Editorial Notebook

Learning to lie

Pretend you are young again, around the age of five or six. You see one of your classmates painting a picture, and you comment on how it looks subpar, just to be scolded by your teacher for being mean. Now, while justified in your comment on the painting—because I doubt any five or six year old can paint well—you learn that lying to appease someone's emotions is encouraged. As you grow older, more of these instances happen, and you begin to hide the truth. For example, if a friend you don’t know well asks how they look, you would probably respond they look great even if they are wearing the most unflattering clothing. Lies like these perpetuate, not only with friends but also in the workplace. As falsities continuously flow out of you, they begin to take over your life, appearing naturally every day.

A mask appears for those who keep up with the lies, creating a rift between oneself and others. However, not all choose to walk the path of lies, and you may choose to speak your mind on every occasion. Following this path, you face the label of brutally honest, no matter how justified or truthful your opinions are.

Not everyone is an artist, nor does every article of clothing look good on a person. I believe that the term brutally honest is flawed. Honesty has no ability to be brutal or violent. The truth simply exists and has no overarching themes to it. You wouldn’t say a tree is violent towards a person, so why would a concept like honesty have violent tendencies? If you genuinely believe that there is a brutal truth about yourself, consider who created this fact? It was your actions that led to that reality. If someone is sincere, does society need to label them as cruel for simply sharing what is correct? I believe this norm should change and humanity should reward those willing to speak their mind rather than bottle up how they truly feel.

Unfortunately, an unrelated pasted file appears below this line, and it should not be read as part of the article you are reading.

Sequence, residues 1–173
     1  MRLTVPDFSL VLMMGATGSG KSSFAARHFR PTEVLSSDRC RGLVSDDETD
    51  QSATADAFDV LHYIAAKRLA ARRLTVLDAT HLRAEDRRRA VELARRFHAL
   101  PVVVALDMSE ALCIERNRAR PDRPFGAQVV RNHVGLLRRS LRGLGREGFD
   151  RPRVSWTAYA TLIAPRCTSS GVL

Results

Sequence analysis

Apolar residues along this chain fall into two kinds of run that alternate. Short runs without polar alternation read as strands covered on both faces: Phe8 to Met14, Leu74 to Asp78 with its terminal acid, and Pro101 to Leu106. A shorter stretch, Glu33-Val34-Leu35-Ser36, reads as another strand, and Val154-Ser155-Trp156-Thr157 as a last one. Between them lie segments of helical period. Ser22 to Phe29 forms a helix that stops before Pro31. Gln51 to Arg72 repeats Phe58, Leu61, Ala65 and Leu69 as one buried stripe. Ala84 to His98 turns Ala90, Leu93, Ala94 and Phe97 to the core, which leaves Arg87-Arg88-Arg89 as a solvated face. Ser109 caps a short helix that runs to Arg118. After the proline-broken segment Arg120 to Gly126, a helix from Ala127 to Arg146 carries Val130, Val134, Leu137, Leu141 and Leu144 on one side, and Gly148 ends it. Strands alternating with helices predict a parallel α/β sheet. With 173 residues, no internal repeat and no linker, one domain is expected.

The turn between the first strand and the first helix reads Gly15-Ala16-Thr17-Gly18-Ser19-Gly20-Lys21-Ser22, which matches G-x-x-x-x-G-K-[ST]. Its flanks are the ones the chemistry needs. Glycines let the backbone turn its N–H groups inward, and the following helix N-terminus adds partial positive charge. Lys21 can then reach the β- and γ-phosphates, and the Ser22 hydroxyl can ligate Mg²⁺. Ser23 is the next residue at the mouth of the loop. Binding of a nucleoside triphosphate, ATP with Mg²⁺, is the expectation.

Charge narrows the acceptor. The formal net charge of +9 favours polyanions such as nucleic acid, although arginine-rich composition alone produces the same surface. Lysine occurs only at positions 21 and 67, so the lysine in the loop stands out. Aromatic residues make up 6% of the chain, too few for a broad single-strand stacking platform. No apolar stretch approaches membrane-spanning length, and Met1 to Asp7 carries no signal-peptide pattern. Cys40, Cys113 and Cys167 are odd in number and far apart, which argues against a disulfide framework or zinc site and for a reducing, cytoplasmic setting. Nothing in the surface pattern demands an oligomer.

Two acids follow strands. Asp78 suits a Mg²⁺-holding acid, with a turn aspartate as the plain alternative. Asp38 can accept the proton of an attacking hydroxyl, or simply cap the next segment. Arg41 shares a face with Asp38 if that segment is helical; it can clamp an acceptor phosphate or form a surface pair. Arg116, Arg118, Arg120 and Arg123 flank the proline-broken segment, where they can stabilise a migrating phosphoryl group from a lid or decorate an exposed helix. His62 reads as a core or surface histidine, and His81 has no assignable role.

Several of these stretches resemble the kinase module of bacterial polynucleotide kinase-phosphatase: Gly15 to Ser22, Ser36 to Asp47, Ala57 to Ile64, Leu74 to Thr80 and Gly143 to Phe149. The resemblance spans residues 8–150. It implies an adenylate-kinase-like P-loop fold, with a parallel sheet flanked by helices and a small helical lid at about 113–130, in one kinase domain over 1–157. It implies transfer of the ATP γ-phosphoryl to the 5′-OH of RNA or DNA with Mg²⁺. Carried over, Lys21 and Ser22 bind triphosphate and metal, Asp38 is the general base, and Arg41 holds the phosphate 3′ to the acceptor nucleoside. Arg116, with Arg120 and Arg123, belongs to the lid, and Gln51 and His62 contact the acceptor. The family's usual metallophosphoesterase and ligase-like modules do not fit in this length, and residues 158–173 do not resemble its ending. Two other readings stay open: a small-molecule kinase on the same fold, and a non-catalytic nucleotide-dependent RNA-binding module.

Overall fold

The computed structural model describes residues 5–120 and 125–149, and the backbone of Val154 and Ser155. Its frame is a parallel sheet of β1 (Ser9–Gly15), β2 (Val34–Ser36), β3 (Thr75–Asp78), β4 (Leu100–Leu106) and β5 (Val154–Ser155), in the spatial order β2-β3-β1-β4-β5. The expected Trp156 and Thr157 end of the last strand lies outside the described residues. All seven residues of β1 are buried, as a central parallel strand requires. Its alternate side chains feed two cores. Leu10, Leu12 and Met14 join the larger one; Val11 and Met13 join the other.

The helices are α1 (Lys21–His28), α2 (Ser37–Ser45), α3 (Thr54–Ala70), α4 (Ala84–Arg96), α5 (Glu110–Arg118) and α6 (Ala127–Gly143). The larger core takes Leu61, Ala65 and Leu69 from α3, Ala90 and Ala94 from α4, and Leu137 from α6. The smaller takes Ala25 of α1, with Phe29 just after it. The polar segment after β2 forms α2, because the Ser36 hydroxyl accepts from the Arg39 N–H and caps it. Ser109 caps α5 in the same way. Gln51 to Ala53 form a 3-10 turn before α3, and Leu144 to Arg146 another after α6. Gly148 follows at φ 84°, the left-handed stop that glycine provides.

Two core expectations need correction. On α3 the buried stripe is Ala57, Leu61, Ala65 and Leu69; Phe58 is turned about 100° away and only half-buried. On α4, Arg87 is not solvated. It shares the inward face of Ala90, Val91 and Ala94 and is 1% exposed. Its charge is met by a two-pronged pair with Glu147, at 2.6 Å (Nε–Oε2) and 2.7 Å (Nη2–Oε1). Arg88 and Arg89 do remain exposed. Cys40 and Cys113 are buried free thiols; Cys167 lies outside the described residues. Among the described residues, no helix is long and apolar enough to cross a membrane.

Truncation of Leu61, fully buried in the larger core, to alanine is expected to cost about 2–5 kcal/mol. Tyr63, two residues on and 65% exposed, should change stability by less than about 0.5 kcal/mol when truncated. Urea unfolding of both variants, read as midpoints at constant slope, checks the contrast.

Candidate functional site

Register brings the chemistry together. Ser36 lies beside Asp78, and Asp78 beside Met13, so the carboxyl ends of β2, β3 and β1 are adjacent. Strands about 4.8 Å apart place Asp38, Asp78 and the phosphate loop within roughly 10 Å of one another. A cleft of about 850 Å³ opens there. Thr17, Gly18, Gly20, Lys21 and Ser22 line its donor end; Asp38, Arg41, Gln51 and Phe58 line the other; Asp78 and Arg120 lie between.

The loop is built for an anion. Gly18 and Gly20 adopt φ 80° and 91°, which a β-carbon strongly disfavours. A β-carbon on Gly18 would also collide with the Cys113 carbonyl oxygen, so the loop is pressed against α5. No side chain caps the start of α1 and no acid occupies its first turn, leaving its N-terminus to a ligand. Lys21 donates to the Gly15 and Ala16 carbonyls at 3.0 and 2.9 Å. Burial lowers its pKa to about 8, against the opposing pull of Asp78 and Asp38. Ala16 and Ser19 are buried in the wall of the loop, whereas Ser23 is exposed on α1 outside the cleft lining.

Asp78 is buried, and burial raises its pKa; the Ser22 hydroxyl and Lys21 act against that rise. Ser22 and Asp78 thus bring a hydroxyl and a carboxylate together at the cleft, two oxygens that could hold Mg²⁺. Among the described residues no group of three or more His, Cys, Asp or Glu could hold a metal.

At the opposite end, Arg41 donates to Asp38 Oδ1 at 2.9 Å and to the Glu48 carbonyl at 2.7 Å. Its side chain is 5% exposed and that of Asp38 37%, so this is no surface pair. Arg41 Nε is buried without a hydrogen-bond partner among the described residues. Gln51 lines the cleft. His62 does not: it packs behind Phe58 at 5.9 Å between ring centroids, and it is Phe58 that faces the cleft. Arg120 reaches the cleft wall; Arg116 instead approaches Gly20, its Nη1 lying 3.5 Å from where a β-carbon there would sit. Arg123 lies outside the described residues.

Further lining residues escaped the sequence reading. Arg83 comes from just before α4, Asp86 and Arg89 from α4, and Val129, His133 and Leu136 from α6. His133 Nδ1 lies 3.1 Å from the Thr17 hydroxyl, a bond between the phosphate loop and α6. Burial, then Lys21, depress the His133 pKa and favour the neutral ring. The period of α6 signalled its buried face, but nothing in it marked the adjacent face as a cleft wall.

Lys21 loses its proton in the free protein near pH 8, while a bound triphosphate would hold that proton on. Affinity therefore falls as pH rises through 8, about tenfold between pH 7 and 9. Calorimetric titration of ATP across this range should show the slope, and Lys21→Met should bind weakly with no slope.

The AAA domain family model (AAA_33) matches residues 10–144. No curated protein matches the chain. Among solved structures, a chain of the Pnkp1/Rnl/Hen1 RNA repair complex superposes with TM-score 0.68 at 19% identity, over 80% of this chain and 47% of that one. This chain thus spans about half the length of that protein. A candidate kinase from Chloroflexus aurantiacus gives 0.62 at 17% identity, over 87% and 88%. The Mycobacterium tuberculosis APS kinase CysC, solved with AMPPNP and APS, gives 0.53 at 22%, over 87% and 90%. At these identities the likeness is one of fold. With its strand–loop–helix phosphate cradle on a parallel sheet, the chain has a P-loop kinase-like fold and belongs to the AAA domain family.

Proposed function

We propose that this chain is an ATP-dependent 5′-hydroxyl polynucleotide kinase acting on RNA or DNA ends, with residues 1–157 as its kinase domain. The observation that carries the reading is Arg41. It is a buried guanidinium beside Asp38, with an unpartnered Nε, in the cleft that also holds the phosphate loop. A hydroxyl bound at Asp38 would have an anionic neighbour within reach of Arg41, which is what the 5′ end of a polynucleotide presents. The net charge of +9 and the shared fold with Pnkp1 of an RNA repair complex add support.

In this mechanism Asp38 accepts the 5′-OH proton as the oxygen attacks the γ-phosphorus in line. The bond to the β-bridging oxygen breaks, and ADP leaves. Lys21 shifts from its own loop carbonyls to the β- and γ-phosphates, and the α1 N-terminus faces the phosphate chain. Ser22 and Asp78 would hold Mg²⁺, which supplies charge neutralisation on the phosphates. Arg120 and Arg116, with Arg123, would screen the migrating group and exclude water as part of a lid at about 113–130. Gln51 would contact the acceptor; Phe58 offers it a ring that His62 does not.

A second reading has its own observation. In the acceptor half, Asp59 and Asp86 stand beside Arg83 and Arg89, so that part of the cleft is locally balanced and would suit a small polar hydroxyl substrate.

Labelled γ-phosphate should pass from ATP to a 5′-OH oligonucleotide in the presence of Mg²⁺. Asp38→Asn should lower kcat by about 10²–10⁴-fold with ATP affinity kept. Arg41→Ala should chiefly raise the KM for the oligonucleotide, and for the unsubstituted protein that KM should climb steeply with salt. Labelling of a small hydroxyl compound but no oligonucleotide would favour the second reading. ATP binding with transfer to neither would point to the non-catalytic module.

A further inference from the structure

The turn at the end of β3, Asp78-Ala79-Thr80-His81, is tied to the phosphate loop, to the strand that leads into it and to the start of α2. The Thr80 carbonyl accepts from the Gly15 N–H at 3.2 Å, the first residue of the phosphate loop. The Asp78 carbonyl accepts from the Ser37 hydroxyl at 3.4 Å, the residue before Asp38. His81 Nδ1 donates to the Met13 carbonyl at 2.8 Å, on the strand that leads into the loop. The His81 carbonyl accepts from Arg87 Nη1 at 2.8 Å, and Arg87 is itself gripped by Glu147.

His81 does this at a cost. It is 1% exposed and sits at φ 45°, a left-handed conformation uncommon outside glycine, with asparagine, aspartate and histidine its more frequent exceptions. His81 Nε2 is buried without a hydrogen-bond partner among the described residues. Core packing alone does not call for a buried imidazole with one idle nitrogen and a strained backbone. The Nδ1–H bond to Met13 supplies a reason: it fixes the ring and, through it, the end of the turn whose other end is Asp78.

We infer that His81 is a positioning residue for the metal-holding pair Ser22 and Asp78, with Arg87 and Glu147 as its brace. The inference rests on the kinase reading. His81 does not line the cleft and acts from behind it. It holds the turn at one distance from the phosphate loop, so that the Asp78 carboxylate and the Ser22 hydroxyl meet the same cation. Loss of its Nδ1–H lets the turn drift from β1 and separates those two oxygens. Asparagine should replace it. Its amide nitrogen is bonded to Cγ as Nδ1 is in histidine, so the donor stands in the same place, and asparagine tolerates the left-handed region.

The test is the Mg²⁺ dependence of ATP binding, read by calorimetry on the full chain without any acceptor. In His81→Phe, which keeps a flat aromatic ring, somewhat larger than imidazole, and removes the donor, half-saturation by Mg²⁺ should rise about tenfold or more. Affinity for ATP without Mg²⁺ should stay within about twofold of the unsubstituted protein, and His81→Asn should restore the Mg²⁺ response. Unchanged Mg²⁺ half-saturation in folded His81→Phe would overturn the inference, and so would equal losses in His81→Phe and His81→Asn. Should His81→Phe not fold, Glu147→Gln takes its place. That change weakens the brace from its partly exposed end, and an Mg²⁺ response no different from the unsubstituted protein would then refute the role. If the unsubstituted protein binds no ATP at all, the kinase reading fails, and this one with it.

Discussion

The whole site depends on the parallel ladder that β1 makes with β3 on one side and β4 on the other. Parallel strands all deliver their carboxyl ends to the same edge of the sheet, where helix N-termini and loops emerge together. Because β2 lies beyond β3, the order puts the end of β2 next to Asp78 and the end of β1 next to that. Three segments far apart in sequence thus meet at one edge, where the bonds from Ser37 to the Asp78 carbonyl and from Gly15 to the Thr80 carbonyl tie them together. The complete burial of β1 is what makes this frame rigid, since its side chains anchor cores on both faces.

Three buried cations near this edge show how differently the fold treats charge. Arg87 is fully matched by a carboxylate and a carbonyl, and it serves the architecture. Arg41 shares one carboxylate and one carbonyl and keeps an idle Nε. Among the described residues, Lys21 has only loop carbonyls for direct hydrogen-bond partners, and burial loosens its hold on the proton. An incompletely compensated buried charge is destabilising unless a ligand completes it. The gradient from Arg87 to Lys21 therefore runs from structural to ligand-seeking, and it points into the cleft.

When examining the other side of this argument—why lies are so crucial to society—I understand their potential to keep the world from falling apart. With every interaction, there are benefits and losses. Will I make an excellent first impression? Can I tell them they are wrong without them getting upset? These interactions can be significantly affected by small lies people say all the time. A simple “that jacket looks great on you” may land you the desired job; however, these small lies also eventually crumble. If you have to keep repeating this lie over and over again, the pressure of it will keep growing until, finally, you explode. When you explode, your true thoughts leak out. The recipient of your lies will question why you kept repeating them for so long, deteriorating the relationship between you and them. This is a much worse scenario than if you had just been honest during the first interaction.

While I am voicing for people to be more open with each other, this does not mean going right to Twitter and Instagram and ripping into everyone. Honesty still needs to be justified, and you can’t simply steal from someone without justification. There is a line between making fun of someone and being honest. You need to be conscious of this, or else the meaning of honesty will get lost in hate.